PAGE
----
What attracted me to this hardbacked tome (apart from the fact that it was about zombies!) was the depth of its coverage. The majority of the book's 176 pages is taken up with a comprehensive look at zombies on film. Then follows chapters on zombie novels, computer games, comics, TV shows and even zombie walks, which are growing in popularity. I had a lot of fun mentally ticking off which flims I'd seen and which books and comics I'd read. Jovanka has an easy to read writing style and she clearly knows her subject. Also, she's not afraid to call a bad film a turkey. She appeared as a zombie extra in Zach Snyder's remake of Dawn of the Dead but does not have a high opinion of the film, much prefering the original. I totally agreed with her. It was also nice to see how up to date her film reviews were. Not only that, but she also mentions numerous zombie films to look out for later this year and in 2012. It is well illustrated, mainly in colour, although obviously not for those films shot in black and white.
So, is this an essential purchase? I guess that all depends on your budget and how big a fan of the whole zombie genre you are. To be honest, I guess most zombie fans who follow my blog will decide this is not worth buying and I can understand why they'd think that. Just think of how many figures you could buy for the price of this book. For me, this was a must-have buy. I learnt an awful lot from this book, even though I already know a great deal about the subject. If the study of zombies ever crops up on a school curriculum this would be an essential text book for Zombies 101. It is a hard-backed book published by Ilex and costs £17.99. I can highly recommend it.

Wednesday, 6 April 2011

Miniature Factory Psycho Killers

It is not very often that I buy resin cast figures and it is even rarer that I buy figures from France. But when I saw these three figures from French company Miniature Factory I had to have them. These are just sublime sculpts!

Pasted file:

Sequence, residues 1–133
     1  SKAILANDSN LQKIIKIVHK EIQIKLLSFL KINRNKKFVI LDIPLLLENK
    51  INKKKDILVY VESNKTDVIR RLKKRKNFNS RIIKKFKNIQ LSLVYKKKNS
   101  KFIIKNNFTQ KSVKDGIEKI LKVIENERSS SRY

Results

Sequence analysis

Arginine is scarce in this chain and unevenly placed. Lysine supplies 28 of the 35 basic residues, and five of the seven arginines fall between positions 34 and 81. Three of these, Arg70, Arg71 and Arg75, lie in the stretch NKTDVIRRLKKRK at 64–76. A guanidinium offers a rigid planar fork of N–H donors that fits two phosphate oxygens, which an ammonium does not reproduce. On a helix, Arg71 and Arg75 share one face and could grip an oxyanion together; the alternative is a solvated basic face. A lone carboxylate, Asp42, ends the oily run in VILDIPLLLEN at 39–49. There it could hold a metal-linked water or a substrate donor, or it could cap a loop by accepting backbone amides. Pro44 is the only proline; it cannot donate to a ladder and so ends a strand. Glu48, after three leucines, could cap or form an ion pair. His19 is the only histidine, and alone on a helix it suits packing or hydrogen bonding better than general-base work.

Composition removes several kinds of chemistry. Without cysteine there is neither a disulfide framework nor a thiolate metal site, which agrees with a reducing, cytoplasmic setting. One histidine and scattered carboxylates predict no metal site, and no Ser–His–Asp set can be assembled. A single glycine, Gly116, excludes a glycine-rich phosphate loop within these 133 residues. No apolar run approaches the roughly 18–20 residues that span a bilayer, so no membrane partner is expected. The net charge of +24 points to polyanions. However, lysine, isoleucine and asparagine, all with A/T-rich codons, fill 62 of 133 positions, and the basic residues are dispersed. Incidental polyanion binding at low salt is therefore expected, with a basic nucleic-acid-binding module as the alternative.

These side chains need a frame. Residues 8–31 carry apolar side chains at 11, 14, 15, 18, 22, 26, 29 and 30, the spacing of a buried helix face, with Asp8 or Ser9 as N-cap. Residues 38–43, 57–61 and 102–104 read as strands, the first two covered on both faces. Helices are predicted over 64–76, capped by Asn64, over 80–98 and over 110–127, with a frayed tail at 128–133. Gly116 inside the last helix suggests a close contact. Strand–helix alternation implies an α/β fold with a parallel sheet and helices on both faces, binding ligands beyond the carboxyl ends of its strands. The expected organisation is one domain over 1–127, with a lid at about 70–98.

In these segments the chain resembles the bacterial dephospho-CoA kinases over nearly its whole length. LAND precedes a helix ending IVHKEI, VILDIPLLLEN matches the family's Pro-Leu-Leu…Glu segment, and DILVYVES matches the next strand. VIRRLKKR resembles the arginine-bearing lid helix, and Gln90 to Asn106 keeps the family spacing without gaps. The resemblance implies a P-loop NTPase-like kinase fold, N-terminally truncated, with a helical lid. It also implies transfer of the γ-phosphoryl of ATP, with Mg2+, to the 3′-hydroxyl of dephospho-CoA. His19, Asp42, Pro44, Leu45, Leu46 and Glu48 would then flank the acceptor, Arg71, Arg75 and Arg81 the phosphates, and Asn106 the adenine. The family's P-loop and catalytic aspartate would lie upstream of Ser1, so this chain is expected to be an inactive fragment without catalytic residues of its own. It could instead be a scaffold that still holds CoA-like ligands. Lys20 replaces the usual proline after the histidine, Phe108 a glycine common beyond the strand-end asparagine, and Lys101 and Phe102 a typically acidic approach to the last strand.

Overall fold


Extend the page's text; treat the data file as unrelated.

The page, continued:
Miniature Factory is a small company run by Jacques-Alexandre Gillois. The figures vary in height, as you can see from the two photos above. I'll start with the female of the group, Daisy. Daisy is described on their website thus "among the rare visitors still sane enough to describe their visit to the locals, most mention meeting an attractive, promiscuous young woman. Shortly after this part the tone of the narrative slips without transition from bucolic to plain gross. The rest of the tale, vague and filled with gruesome violence, is of little documentary interest." Hmm, maybe to you, but not me! I want all the gory details! Daisy is clearly a deranged psychopathic murderer. Viewed from the front she is a picture of ravishing beauty with more than just a hint of naughtiness. Note how her cut off denim hot pants are partially unbuttoned. Note the sweet smile and seductive eyes. Note the big flower in her hair. How sweet! Then look behind her and note the short sword (it's far too big to call a knife) in her hand! This incredibly beautiful sculpt stands 33mm tall and comes in three parts - main body, ponytail and sword and right hand. I recommend gluing the ponytail in place first before the hand and sword.